A Practical Meta-Analysis of Prayer Efficacy in Coping with Mental Health
Date of Paper/Work
Master of Social Work (M.S.W.)
Type of Paper/Work
Clinical research paper
Sarah M. Ferguson
Given the large number of people who identify as religious in the United States and the large number of the overall population diagnosed with a mental illness, there is a need for linking an easily accessible practice like prayer to a common and often painful problem of managing mental health symptoms. Using a Practical Meta-Analysis, this research project examined prayer’s efficacy when used as a coping strategy to relieve mental health symptoms. A Practical Meta-Analysis is a statistical method that synthesizes findings from multiple research studies and provides a quantitative measure of an intervention’s efficacy as a whole. Of 598 articles located in five databases searched, the thirteen included studies produced thirty unique effect sizes that were used in the Practical Meta-Analysis calculations. The meta-analysis’ result was an average effect size of -0.0184 with a p-value of 0.3665, which is a small, yet insignificant magnitude. However, when considering the overall group of included studies, sixty percent of these studies showed prayer being associated with improved mental health symptoms. The findings of this study support the need for future research on how prayer can be a helpful intervention for people to use in coping with mental health symptoms.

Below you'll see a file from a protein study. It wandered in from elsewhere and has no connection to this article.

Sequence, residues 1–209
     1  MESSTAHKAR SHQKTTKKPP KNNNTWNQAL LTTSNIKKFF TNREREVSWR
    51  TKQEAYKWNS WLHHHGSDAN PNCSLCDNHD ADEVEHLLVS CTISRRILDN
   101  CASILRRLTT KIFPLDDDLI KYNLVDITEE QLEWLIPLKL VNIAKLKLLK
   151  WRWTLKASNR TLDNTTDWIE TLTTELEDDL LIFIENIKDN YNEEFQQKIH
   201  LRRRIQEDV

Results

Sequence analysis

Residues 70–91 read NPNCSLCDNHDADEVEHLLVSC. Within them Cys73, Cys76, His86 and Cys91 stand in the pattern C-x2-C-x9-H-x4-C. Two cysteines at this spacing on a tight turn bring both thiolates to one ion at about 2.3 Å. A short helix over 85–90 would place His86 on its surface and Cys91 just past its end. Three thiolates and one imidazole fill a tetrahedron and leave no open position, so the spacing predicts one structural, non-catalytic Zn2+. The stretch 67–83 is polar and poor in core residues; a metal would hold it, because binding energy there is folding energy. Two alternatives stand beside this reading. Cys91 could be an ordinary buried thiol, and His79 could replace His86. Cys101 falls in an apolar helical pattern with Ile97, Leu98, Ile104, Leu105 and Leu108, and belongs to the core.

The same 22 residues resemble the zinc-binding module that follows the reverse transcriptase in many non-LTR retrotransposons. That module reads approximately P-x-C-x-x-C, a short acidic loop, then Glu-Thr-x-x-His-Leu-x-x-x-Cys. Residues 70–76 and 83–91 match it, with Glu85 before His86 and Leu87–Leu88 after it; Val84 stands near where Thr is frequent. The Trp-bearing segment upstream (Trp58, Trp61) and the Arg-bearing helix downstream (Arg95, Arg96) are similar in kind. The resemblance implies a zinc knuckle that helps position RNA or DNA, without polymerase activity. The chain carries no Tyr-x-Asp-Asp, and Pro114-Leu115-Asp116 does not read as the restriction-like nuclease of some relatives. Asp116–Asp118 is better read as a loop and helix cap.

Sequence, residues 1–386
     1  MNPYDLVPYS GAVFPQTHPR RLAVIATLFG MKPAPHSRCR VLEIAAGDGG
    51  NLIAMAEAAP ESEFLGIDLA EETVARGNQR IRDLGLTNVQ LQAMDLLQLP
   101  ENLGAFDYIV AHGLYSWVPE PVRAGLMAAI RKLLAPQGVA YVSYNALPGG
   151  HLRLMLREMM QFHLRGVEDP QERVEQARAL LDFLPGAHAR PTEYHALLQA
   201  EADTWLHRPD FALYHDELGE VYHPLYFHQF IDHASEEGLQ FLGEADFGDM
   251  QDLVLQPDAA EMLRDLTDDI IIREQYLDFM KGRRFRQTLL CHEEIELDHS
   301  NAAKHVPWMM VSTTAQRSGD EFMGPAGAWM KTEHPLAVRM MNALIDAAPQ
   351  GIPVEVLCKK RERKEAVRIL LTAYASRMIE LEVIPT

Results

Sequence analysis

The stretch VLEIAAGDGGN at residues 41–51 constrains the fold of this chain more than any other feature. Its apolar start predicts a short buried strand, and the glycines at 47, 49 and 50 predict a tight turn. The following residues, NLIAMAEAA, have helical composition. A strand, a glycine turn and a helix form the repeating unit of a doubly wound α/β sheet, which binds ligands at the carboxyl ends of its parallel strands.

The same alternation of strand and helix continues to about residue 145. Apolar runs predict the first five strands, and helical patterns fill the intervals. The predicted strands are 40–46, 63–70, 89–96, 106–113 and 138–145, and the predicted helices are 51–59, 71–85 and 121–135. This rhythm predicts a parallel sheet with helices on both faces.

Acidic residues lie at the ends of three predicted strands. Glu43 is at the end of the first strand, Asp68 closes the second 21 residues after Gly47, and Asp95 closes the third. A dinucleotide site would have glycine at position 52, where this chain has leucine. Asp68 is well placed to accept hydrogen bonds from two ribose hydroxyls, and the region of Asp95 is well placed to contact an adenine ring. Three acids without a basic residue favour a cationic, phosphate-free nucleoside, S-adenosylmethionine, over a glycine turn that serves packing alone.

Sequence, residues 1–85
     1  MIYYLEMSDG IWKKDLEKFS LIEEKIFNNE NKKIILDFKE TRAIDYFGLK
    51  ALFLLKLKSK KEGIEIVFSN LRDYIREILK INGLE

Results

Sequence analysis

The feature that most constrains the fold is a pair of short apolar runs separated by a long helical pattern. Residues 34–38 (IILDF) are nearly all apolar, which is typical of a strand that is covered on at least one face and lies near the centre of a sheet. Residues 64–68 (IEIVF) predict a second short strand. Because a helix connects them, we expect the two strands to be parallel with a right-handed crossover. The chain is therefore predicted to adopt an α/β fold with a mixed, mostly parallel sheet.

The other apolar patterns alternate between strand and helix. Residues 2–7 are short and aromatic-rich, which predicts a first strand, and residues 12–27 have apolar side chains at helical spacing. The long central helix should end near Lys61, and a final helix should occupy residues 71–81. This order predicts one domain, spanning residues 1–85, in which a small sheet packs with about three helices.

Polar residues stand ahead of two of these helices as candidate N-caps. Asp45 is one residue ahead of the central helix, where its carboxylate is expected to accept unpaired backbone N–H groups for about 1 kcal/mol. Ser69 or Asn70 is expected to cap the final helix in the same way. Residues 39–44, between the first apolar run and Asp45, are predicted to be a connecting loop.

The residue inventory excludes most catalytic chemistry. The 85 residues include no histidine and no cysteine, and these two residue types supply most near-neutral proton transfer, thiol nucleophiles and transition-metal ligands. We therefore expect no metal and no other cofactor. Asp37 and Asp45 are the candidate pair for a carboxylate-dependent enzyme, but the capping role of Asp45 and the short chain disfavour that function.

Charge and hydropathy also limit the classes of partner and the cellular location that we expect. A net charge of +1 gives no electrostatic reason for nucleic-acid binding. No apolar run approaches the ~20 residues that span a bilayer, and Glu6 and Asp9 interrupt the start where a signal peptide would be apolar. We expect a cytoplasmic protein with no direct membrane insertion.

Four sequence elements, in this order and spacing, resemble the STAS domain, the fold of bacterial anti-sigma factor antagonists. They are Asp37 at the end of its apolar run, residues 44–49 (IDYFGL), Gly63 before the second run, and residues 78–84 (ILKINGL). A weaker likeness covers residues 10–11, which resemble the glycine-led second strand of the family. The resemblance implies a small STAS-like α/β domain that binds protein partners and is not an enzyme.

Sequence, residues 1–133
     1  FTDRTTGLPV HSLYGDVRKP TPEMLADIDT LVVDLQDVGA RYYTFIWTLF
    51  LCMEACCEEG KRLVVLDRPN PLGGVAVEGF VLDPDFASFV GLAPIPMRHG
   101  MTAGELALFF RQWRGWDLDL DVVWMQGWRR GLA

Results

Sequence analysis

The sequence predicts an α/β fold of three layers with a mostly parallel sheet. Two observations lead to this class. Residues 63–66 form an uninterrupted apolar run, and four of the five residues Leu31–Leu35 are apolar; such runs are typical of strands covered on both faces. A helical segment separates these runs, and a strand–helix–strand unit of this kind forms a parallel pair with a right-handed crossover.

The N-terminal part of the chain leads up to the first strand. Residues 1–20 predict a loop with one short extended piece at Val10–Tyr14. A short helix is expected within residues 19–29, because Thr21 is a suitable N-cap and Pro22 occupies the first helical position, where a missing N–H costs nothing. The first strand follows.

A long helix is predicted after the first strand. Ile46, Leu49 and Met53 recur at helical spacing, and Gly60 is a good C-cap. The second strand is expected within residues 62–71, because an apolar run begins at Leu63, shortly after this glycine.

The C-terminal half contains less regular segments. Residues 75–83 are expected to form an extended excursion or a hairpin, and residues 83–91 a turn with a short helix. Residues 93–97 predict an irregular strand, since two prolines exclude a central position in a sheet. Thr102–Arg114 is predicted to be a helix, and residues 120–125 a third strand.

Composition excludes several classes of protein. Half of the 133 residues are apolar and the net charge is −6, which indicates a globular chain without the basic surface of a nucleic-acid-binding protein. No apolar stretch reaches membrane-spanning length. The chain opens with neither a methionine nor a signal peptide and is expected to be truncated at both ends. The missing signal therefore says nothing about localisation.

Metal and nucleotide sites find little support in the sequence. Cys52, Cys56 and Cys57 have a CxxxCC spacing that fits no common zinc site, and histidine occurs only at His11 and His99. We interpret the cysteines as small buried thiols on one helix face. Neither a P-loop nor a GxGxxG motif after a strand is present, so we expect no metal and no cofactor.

mental health, prayer, coping, Meta-Analysis
Creative Commons License
This work is licensed under a Creative Commons Attribution 3.0 License.
Kimball, Benjamin M., "A Practical Meta-Analysis of Prayer Efficacy in Coping with Mental Health" (2013). Social Work Master’s Clinical Research Papers. 207.